Ultimately, risk is defined as the permanent loss of capital. The potential for behavioral risk by a money manager and/or an underlying investor becomes a relevant, qualitative risk factor. Behavioral mistakes can turn transitory, temporary losses into permanent losses of capital. Money managers recognize that risk is rarely eliminated, but instead, risk simply changes form based on the strategy employed. While there are many ways for professionals to dissect risk, most types of risks originate from a form of "market" risk or from a form of "active" risk. In order to effectively manage risk, a manager should attempt to correctly diagnose the sources of "market" or "active" risk within a portfolio or strategy. When more "active" risk is taken within a portfolio, the longer the horizon needed for benchmarking the strategy to both peers and market benchmarks. However, time should not be used as a shield in all cases.
Q. More specifically, do mutual fund/ETF managers properly understand where currency risk is coming from?
We believe that currency exposure is often underappreciated as a source of return and risk within a portfolio. Currency is sometimes ignored given the variety of return drivers. Interest rate differentials may seem to drive currency rates for a time, only to be overwhelmed by growth factors or changing central bank policy. Currencies behave as a "top down" risk and return factor, and many traditional managers take a very "bottom up" approach to security selection. Macro currency factors do not easily lend themselves to bottom up analysis.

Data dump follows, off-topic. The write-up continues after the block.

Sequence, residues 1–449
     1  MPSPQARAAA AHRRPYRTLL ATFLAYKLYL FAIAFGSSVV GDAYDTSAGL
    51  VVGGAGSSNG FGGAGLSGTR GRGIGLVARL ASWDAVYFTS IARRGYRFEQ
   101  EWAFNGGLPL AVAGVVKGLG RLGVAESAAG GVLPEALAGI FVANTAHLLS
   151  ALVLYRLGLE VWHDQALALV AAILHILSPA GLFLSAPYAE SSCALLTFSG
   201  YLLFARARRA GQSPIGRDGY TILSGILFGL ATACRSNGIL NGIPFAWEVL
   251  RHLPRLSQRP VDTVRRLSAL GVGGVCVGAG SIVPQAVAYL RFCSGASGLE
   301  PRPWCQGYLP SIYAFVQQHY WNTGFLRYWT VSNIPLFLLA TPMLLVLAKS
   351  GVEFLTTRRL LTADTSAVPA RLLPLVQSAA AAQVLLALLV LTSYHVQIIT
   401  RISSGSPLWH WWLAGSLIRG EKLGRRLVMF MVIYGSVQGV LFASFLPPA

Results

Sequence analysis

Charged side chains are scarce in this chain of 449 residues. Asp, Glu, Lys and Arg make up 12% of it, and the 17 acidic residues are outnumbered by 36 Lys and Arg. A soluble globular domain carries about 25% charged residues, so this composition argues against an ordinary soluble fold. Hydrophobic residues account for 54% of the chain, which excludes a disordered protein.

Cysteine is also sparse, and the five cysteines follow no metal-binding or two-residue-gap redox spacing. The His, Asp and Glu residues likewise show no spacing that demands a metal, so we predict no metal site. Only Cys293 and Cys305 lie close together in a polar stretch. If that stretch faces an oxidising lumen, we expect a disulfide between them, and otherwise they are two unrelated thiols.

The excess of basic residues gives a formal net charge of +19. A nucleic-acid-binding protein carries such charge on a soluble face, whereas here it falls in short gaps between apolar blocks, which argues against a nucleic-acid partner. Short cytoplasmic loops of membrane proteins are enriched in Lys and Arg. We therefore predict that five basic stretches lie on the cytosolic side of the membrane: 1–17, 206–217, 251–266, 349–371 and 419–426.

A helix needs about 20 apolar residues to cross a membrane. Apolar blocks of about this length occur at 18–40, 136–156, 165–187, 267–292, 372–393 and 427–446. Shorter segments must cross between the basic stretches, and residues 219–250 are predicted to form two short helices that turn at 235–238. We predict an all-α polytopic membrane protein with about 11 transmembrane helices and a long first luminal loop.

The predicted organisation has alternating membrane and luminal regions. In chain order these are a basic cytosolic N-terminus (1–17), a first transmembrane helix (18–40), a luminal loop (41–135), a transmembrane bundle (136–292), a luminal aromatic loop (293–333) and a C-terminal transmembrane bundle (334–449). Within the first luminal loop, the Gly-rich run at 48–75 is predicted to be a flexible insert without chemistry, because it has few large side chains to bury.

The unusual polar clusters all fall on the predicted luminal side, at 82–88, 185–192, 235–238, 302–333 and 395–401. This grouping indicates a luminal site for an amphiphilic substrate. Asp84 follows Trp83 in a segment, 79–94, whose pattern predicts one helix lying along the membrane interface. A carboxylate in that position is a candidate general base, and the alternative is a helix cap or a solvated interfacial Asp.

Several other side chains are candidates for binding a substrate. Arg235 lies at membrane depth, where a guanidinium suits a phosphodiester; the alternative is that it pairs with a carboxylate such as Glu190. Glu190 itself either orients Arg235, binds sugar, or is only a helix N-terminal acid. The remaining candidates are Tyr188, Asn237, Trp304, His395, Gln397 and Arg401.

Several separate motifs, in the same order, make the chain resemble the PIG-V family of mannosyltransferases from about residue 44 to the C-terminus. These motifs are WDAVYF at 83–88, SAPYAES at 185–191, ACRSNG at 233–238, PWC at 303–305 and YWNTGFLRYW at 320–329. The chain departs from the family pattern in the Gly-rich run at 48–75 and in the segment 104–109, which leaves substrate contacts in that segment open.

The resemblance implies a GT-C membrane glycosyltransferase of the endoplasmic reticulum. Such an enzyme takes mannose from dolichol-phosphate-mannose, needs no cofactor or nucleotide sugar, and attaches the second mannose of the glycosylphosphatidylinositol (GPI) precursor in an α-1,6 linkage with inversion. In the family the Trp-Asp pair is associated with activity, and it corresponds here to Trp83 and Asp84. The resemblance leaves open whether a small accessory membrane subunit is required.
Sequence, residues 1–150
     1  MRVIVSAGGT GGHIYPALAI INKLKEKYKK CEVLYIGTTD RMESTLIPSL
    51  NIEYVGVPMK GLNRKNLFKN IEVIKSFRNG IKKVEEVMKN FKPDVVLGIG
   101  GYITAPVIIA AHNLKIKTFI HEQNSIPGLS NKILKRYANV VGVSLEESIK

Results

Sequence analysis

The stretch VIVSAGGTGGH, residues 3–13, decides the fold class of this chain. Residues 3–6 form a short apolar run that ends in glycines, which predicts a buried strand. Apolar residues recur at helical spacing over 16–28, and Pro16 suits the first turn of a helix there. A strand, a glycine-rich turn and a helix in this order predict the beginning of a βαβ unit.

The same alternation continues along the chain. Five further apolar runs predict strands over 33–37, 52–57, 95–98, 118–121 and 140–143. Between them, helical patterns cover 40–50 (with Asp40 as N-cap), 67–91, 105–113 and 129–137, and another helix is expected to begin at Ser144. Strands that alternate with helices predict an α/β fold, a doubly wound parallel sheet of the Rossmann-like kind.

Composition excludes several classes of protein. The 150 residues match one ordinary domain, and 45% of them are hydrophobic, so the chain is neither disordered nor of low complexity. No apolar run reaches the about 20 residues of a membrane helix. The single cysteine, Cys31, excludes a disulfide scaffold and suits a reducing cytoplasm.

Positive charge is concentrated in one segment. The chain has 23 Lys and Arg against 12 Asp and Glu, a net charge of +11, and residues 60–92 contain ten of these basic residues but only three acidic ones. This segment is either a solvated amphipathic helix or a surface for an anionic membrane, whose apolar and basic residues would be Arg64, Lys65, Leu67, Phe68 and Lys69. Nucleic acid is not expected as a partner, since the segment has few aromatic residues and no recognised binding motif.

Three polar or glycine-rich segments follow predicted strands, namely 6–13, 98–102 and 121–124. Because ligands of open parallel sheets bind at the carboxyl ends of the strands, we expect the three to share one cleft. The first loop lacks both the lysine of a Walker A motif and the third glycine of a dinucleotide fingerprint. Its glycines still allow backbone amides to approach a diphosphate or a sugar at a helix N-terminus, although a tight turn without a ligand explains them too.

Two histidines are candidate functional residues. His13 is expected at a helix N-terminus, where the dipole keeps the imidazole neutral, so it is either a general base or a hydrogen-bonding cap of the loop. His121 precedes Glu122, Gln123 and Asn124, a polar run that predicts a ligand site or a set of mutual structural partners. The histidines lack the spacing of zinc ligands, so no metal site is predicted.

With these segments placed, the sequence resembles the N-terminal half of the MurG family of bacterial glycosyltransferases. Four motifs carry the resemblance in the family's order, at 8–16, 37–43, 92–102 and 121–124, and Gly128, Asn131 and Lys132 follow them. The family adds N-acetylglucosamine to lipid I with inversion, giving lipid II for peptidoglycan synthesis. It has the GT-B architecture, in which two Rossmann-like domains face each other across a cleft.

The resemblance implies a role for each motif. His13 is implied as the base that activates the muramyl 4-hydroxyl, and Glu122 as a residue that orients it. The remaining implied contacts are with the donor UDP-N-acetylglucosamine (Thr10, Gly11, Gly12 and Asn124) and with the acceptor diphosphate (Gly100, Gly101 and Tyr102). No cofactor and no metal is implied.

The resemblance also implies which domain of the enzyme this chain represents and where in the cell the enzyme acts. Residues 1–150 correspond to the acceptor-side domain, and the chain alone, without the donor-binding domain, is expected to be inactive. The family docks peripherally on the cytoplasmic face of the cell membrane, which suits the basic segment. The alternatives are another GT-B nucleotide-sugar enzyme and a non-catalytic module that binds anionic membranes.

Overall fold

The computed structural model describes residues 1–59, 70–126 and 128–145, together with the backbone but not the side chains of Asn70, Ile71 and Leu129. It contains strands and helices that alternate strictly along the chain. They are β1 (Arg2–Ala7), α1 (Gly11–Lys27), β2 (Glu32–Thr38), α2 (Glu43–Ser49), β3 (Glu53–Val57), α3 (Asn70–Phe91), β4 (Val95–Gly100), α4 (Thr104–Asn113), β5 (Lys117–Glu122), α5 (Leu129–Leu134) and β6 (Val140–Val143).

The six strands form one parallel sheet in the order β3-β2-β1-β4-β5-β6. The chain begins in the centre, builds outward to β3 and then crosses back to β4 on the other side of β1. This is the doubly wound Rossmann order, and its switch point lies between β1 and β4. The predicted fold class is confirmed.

Q. Currency risk is a primary challenge for fund managers. What are some top operational challenges?
Liquidity is always a top operational challenge for portfolio managers. Mutual fund and ETF managers are becoming adept at recognizing that liquidity is not defined simply by what appears on the screen. Liquidity can be sourced if a manager has built the appropriate connections and infrastructure. Some investors confuse ETF liquidity with average daily volume. For ETFs, it is the liquidity of the underlying components of the ETFs that is relevant. An ETF with wide screen spreads and low volume can be trade very efficient by a professional that uses the ETF providers or ETF liquidity providers.
Q. Smart beta is just one example of where investors poured money into ETFs in 2013. Why is that area gaining traction among fund managers?
Smart beta is attractive because these strategies typically follow quantitative, repeatable processes. These strategies are allowing managers to access additional return factors (for example, low volatility, momentum or high quality) within their passive exposure.
Q. How should mutual fund/ETF managers view performance?
In our view, relative performance benchmarking (risk and return) is more appropriate when comparing mandates with similar, high constraints. It makes less sense to benchmark unconstrained, multi-asset managers to peers or to the market over shorter periods of time. Fewer investment constraints are creating the potential for better absolute outcomes, but it is also creating havoc in evaluating shorter-term performance.
Money managers have always viewed performance as a combination of risk and return. We increasingly see the benefit of evaluating performance in terms of return and maximum drawdown. Volatility is less relevant on its own than understanding the drawdown required to capture an asset class', strategy's or manager's return over a period of time.